All agreed there are continuing issues globally with access to care and disparities in care in the military health field and the civilian health sector.

Speaking as a family physician, Nguyen said she is "worried that the military is not strategically looking to the future" due to proposed reductions in military medicine manpower and scope of practice.

"They are young troops with young families who need advocates who understand the nuances and stress of military families,"she said., Adding, "We have to think about what makes the health care system most operational and effective for the unique population that we serve."

Adirim said that while women in the military health system are making headway in leadership roles, there is still a way to go to developing parity with their male counterparts.

"We need a new set of eyes' to look at the issues of women in leadership and parity. "We're very status quo in the civilian sector and the military," she said. "That's why you want diversity in leadership.

"I want to be the demonstration that women can achieve that level of leadership," she said. "We need more women leaders at (DOD) Health Affairs and the Defense Health Agency level, reflecting who we serve."

Women make up 40% of the military health system. "We need parity there," she said.

"The way policies and procedures are geared toward men, women should think how they can make these policies and procedures fair," Adirim said. "Some 16% of the force is women. There is room for more. Women are smart, strong and very capable."

You also may be interested in...

DODs Patient Safety Program works to eliminate preventable harm

Article
3/18/2021
Picture of a vital sign machine

The Joint Patient Safety Reporting System and TeamSTEPPS play a major role in the DOD’s Patient Safety Program

Recommended Content:

Patient Safety | Quality & Safety of Health Care (for Health Care Professionals) | Patient Safety Awareness Week | Patient Safety Awareness Week | Brain Injury Awareness To Improve Readiness

Balancing rest, activity key to recovering from concussion

Article
3/17/2021
Two football teams facing off in the middle of a play

A newly revised suite of tools and resources for military health care providers will help improve the treatment of service members with concussions, and ensure their safe return to full duty.

Recommended Content:

Traumatic Brain Injury Center of Excellence | Traumatic Brain Injury Center of Excellence | Brain Injury Awareness To Improve Readiness | Brain Injury Awareness To Improve Readiness

Military researchers gain new insights into brain injuries

Article
3/16/2021
Military personnel sitting at a table collecting data

Blast injury research helps to fill knowledge gaps about brain injury.

Recommended Content:

Brain Injury Awareness To Improve Readiness | Brain Injury Awareness To Improve Readiness | Brain Injury Awareness To Improve Readiness | Traumatic Brain Injury Center of Excellence | Traumatic Brain Injury Center of Excellence | Brain Injury Awareness To Improve Readiness | Brain Injury Awareness To Improve Readiness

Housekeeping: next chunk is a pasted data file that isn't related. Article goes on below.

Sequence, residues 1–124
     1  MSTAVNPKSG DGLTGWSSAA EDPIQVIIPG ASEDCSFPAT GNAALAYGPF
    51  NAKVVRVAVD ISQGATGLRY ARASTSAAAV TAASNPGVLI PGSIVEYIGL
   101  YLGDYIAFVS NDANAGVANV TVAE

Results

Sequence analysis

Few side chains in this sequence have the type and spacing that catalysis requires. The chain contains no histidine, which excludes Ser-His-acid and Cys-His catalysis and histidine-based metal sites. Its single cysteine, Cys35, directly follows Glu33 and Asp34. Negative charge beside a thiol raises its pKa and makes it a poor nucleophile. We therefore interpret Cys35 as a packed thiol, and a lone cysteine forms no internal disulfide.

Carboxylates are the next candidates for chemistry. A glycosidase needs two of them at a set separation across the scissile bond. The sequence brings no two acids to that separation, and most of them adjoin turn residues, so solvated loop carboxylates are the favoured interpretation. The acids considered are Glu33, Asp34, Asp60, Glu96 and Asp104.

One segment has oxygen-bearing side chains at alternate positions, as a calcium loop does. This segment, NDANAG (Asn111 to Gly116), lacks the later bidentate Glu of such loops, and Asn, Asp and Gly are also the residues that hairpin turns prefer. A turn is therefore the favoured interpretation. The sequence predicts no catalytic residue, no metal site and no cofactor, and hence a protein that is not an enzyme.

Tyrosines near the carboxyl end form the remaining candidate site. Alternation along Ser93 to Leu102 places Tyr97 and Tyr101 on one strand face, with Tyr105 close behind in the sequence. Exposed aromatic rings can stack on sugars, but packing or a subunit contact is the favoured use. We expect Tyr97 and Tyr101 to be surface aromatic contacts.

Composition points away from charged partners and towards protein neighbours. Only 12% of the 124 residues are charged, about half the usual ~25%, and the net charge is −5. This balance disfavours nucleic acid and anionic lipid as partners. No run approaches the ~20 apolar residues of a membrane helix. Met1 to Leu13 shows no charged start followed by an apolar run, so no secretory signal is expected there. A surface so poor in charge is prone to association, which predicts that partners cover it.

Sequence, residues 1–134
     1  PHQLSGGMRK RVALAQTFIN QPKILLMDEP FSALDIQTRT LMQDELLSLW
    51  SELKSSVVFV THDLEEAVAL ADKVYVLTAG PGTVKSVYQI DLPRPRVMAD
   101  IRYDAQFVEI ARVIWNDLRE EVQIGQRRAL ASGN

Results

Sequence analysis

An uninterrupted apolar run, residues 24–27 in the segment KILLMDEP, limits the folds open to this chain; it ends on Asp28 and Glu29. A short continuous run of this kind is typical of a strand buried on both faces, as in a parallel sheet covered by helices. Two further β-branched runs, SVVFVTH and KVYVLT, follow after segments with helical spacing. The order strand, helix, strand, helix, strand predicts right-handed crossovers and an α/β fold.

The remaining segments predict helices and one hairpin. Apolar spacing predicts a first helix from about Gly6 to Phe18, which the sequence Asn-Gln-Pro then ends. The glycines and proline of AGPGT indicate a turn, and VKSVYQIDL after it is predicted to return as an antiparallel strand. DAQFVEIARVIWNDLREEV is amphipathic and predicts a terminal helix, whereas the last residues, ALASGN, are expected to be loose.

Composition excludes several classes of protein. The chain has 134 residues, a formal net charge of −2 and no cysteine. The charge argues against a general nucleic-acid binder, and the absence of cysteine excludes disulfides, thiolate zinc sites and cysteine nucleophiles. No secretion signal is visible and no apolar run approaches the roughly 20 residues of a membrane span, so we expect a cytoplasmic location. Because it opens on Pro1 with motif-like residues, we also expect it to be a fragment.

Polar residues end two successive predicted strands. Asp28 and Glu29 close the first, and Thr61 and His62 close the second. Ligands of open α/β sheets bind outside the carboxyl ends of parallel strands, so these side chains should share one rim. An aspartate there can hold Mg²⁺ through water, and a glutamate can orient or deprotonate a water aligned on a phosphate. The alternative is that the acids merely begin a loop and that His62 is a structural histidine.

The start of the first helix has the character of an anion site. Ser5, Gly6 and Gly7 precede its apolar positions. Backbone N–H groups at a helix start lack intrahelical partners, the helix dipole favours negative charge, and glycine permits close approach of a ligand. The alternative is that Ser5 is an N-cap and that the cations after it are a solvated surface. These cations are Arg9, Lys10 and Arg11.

Army Announces FDA Clearance of Field Deployable TBI Blood Test

Article
3/12/2021
Military personnel standing in the snow preparing to fire a missile

The US Army announced Food & Drug Administration clearance of a field-deployable traumatic brain injury blood test.

Recommended Content:

Traumatic Brain Injury Center of Excellence | Traumatic Brain Injury Center of Excellence | Brain Injury Awareness To Improve Readiness | Brain Injury Awareness To Improve Readiness | Brain Injury Awareness To Improve Readiness | Brain Injury Awareness To Improve Readiness | Traumatic Brain Injury Center of Excellence | Brain Injury Awareness To Improve Readiness

Patient Safety Awareness Week 2021 Highlights Role of Technology

Article
3/12/2021
A graphic with the words "Patient Safety Awareness Week 2021 March 14-20

Patient Safety Awareness Week brings awareness to health care safety and promotes patient safety practices.

Recommended Content:

Patient Safety | Health Care Technology | Patient Safety Awards Program | Patient Safety Awareness Week | HRO Awards - Previous Winners | Brain Injury Awareness To Improve Readiness | Patient Safety Awareness Week

Distinguishing between TBIs, psychological conditions key to treatment

Article
3/10/2021
Military personnel holding a gun

Expert says long-lasting symptoms may be a sign of another issue.

Recommended Content:

Traumatic Brain Injury Center of Excellence | A Head for the Future | Traumatic Brain Injury Center of Excellence | Traumatic Brain Injury Center of Excellence | Brain Injury Awareness To Improve Readiness | Brain Injury Awareness To Improve Readiness | Brain Injury Awareness To Improve Readiness

Traumatic Brain Injury Awareness

Video
3/8/2021
Traumatic Brain Injury Awareness

A TBI is a blow or jolt to the brain that can be life-altering if the symptoms are not recognized. If you or a loved one experience the symptoms mentioned in this video, speak to a health care professional for more information.

Recommended Content: